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Hot Dogs vs. Corn Dogs

When you’re hungry and craving a snack, hot dogs and corn dogs are the perfect foods to sate your hunger. Here’s how they differ.

Both the hot dog and the corn dog are American fast food dishes made with frankfurter or wiener sausage. This, however, is where the similarities between the two end and where the differences begin.

And these differences—as any food connoisseur will readily attest—go far beyond the fact that one is eaten at baseball games and the other at state fairs.

The Story of the Hot Dog

America’s favorite fast food, the hot dog, consists of a frank or wiener sausage cooked in a hot dog roller, steamed in a pot of salty water, or grilled and placed inside the split of a partially sliced bun, with or without the addition of condiments.

Many condiments can go on a hot dog, from sliced tomatoes and diced onions to pickle relish and sauerkraut.

When you consider that there are tens of varieties of hot dogs across the country, the options are limited only by the imagination and ingenuity of the eater and the cook.

And yet the two most popular condiments that go on a hot dog by far are brown mustard, also known as “deli mustard,” and sweet ketchup.

One can say that the origins of the hot dog are hotly debated.

According to the National Hot Dog & Sausage Council, the hot dog most probably originated in Frankfurt, Germany, and/or Vienna, Austria. (Hence why the two styles of sausages that go into it are named the “frank” and the “wiener.”)

The difference between a frank and a wiener is subtle but important: Franks are made entirely out of beef, while wieners are made from a mixture of pork and beef.

In addition to that, manufacturers have to follow the guidelines of the U.S. Department of Agriculture, which says that hot dogs—regardless of the variety—should not contain more than 30% fat and more than 10% water.

These days, most hot dogs are skinless, meaning that the casing of the sausage has been removed during packaging or before cooking. The best hot dogs, however, have an edible natural casing that gives them a “snap” when you bite into them.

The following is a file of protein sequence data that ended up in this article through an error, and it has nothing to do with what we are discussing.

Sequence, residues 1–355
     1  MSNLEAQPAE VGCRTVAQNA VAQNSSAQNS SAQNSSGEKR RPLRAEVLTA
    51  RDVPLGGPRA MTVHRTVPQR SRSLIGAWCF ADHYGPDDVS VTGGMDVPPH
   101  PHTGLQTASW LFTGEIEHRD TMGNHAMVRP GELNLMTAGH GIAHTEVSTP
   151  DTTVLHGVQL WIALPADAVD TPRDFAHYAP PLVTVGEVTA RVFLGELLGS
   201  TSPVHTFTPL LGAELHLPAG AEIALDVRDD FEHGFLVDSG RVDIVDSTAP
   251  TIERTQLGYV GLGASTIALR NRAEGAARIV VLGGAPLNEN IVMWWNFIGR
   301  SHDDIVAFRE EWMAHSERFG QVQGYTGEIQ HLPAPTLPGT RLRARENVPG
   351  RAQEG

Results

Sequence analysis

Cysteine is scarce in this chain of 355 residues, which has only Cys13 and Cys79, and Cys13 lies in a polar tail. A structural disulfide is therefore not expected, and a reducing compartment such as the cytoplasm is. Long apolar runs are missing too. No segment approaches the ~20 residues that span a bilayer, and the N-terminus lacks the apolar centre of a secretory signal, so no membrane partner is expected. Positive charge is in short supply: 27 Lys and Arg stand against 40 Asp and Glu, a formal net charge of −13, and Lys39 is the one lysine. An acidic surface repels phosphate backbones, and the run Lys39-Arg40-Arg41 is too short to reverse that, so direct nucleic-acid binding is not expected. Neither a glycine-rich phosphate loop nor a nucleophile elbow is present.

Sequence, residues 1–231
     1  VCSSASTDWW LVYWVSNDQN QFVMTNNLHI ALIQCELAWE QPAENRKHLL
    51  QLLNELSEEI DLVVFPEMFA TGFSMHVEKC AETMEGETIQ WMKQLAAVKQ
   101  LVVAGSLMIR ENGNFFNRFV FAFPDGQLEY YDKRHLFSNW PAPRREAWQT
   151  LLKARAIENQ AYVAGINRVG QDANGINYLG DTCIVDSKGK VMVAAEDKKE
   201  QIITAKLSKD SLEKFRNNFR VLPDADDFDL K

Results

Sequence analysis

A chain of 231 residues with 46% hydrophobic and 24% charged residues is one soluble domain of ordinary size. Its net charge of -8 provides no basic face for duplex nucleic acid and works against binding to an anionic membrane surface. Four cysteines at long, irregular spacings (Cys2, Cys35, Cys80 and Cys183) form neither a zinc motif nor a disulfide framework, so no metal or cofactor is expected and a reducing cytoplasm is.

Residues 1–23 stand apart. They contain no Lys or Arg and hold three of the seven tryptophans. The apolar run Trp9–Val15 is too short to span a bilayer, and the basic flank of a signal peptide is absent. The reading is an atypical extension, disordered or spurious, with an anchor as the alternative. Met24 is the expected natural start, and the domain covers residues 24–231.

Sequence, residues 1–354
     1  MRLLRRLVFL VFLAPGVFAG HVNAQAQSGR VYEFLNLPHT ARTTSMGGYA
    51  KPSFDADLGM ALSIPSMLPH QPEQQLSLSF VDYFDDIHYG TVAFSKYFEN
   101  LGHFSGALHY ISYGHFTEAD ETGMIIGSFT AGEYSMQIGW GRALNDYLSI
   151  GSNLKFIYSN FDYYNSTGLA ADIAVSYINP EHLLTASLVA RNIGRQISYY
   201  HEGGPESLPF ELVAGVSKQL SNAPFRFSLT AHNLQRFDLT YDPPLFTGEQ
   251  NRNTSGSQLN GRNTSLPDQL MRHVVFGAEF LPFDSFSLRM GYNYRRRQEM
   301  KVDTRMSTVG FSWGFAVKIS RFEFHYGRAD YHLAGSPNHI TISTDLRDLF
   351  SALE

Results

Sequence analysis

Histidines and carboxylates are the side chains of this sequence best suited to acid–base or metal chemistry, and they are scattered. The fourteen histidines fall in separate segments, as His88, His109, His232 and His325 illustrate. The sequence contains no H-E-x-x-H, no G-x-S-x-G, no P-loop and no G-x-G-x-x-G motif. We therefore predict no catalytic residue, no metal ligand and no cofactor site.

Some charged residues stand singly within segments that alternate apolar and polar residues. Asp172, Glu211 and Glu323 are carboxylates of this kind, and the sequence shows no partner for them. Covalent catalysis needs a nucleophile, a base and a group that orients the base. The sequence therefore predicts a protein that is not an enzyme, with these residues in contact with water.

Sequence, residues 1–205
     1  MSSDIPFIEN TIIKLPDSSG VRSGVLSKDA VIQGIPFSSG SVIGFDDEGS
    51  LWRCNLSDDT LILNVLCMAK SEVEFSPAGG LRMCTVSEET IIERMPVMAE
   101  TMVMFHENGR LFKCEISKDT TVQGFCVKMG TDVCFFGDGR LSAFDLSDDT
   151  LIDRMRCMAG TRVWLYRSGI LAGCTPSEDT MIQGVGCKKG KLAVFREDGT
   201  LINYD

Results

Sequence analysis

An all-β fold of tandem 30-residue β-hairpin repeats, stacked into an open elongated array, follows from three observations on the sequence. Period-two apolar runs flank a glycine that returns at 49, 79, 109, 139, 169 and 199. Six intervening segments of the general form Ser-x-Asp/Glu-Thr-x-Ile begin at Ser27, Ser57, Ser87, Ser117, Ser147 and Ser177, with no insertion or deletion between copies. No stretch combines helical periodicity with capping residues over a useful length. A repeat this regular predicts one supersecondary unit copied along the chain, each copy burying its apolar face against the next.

Related: What Are Sausage Casings Made Of?

There’s general consensus among foodies that potato buns make for the best hot dog bread. The buns should be soft and chewy, but never crumbly. They should be fluffy and hearty, with a slight sweetness to them that balances out the saltiness of the sausage.

Charles Feltman, German immigrant and baker by trade, opened America’s first hot dog stand in 1867 on Coney Island, New York. His hot dogs were a convenient way for beachgoers to have a bite of frankfurter sausage on a split bun with mustard.

His dish—the hot dog—became an overnight sensation.

So much so that, by the 1920s, Feltman owned an entire city block with nine restaurants, a beer garden, and an amusement park that began with a humble street cart. His beachfront restaurants served millions of diners every year and sold tens of thousands of hot dogs a day.

We celebrate hot dogs on National Hot Dog Day, in the peak of summer on July 20th.

Origins of the Corn Dog

A state fair without a corn dog stand is a state fair wrongly named!

The corn dog, sometimes spelled “corndog,” is a sausage on a stick that’s dipped in cornmeal batter and then deep-fried until the sausage is juicy and tender on the inside and the batter is golden brown and crispy on the outside.

The variety of sausage that goes in a corn dog is usually a frank or a wiener, the same that goes on your hot dog. Once cooked, the final product resembles a cob of corn.

Corn dogs are said to have originated in the late 19th century in the great state of Texas.

German immigrants, who were sausage makers by trade, were struggling to sell their sausages to Texans. So they came up with the idea to dip those sausages in cornmeal batter, deep-fry them, and try selling them again.

The sticks, as Rome Neal reports for CBS News’ Early Show, came later. With or without them, though, the trick obviously worked! The recipe for corn dogs spread like wildfire, and it didn’t take long for this fast food item to take the country by storm and become the de-facto food at fall fairs.

This method of preparation has become a staple of the American Midwest. While corndogs are the essential fast food at a county fair, pork chops, candy bars, and even Twinkies are also delicacies everyone should try at least once in their life.

Like a hot dog, a corn dog is often topped with—or dipped in—deli mustard and sweet ketchup (although traditionalists prefer to eat theirs without any). Hip dips that often raise eyebrows include Miracle Whip, BBQ sauce, sweet chili sauce, honey mustard, and decadent mayo.

National Corn Dog Day, when we gather ’round to celebrate the many pleasures of corn dogs, takes place on March 18th.

The Long And Short of It

We make corn dogs and hot dogs from franks or wiener sausages. The former is dipped in cornmeal batter and then deep-fried to golden brownness, and the latter consists of cooked sausage served on a semi-split bun with or without condiments.

Consider these two foods as a national treasure that come in many varieties and styles, each highlighting the ingredients and the character of the state, county, and town that they originate from.

When in doubt, keep to the originals—good sausage with crispy batter or soft bread—that made these humble and honest foods a favorite of generations upon generations of Americans.

Know your author

Written by

Jim is the former editor of Home Cook World. He is a career food writer who's been cooking and baking at home ever since he could see over the counter and put a chair by the stove.